Charles S. Baker facts for kids
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Charles Simeon Baker
|Member of the U.S. House of Representatives
from New York's 30th district
March 4, 1885 – March 3, 1891
|Preceded by||Halbert S. Greenleaf|
|Succeeded by||Halbert S. Greenleaf|
|Member of the New York Senate
from the 29th district
January 1, 1884 – December 31, 1885
|Preceded by||Edmund L. Pitts|
|Succeeded by||Edmund L. Pitts|
|Member of the New York State Assembly
from the Monroe County, 2nd district
January 1, 1882 – December 31, 1882
|Preceded by||John Cowles|
|Succeeded by||David Healy|
January 1, 1879 – December 31, 1880
|Preceded by||Elias Mapes|
|Succeeded by||John Cowles|
February 18, 1839|
Churchville, New York
|Died||April 21, 1902
|Spouse(s)||May L. Baker Jane E. Baker|
|Alma mater||New York Seminary at Lima|
|Branch/service||United States Army|
|Unit||Company E, Twenty-seventh Regiment, New York Volunteer Infantry|
Charles Simeon Baker (February 18, 1839 – April 21, 1902) was an American politician and a U.S. Representative from New York.
Born in Churchville, New York, Baker attended the common schools, Cary Collegiate Institute of Oakfield, New York, and the New York Seminary at Lima, New York. He married May L. Baker and Jane E. Baker.
Baker taught school while he studied law. He was admitted to the bar in December 1860 and commenced practice in Rochester, New York.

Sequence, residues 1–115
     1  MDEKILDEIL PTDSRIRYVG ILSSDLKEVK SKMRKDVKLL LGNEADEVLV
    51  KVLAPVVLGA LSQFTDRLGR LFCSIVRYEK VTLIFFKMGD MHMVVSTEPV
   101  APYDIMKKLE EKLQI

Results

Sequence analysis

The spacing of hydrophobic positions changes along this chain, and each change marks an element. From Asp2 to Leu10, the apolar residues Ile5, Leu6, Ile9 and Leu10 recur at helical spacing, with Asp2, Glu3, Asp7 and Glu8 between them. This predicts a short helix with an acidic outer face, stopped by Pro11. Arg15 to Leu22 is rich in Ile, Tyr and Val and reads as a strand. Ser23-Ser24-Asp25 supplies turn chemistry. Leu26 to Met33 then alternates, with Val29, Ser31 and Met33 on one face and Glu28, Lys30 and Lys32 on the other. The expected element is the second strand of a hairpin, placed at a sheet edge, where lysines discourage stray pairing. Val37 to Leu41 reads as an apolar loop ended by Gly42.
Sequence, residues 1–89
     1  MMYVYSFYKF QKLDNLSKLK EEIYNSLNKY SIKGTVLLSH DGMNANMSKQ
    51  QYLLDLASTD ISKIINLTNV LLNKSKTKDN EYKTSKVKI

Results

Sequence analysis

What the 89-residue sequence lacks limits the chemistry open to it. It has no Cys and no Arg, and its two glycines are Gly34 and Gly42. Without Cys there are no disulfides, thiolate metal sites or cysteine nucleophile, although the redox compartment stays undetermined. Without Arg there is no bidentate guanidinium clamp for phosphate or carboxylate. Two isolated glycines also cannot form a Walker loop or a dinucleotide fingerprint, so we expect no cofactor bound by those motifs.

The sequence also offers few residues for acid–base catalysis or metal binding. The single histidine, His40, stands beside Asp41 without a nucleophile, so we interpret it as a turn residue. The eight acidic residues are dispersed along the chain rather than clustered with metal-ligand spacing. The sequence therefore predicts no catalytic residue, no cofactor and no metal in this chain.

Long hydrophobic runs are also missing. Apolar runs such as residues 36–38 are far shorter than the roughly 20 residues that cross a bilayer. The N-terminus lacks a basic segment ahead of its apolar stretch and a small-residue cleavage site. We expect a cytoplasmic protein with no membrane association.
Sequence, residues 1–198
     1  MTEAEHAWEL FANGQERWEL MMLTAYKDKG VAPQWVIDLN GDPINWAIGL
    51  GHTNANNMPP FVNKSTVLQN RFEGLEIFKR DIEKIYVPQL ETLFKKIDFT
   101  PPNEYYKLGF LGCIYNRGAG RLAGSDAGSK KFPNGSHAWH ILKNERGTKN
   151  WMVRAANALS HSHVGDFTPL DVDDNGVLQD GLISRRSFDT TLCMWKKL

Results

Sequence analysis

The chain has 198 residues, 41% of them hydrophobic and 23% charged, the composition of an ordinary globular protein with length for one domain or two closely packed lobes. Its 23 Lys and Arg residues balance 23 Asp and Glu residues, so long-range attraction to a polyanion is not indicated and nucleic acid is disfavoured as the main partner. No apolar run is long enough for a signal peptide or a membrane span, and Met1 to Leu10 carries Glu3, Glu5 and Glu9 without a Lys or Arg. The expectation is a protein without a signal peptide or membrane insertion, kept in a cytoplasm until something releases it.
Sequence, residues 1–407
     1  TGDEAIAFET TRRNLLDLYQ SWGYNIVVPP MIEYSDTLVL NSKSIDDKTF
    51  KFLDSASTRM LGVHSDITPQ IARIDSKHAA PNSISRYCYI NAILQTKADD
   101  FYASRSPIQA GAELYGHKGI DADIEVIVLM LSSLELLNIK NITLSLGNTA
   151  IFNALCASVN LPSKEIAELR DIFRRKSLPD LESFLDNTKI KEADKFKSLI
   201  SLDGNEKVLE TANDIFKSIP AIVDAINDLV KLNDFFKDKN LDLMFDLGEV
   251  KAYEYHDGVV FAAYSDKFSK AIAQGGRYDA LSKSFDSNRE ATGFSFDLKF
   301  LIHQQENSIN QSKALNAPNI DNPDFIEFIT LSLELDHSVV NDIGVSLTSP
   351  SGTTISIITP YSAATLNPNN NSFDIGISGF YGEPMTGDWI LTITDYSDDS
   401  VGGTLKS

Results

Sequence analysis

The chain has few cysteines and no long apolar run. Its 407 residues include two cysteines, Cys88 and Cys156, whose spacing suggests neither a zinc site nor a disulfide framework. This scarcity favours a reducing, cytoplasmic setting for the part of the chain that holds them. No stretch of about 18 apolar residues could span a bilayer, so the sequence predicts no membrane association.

During the Civil War, Baker served in the Union Army as first lieutenant, Company E, Twenty-seventh Regiment, New York Volunteer Infantry. Disabled in the first Battle of Bull Run, he was honorably discharged.
Baker was a member of the New York State Assembly (Monroe County, 2nd District) in 1879, 1880 and 1882. He was a member of the New York State Senate (29th District) in 1884 and 1885.
Elected as a Republican to the 49th, 50th, and 51st United States Congresses, Baker was U.S. Representative for the thirtieth district of New York from March 4, 1885, to March 3, 1891. He served as Chairman of the House Committee on Commerce during the 51st Congress. He resumed the practice of law in Rochester, New York.
Baker died from vocal cord paralysis in Washington, D.C., on April 21, 1902 (age 63 years, 62 days). He is interred at Mount Hope Cemetery, Rochester, New York.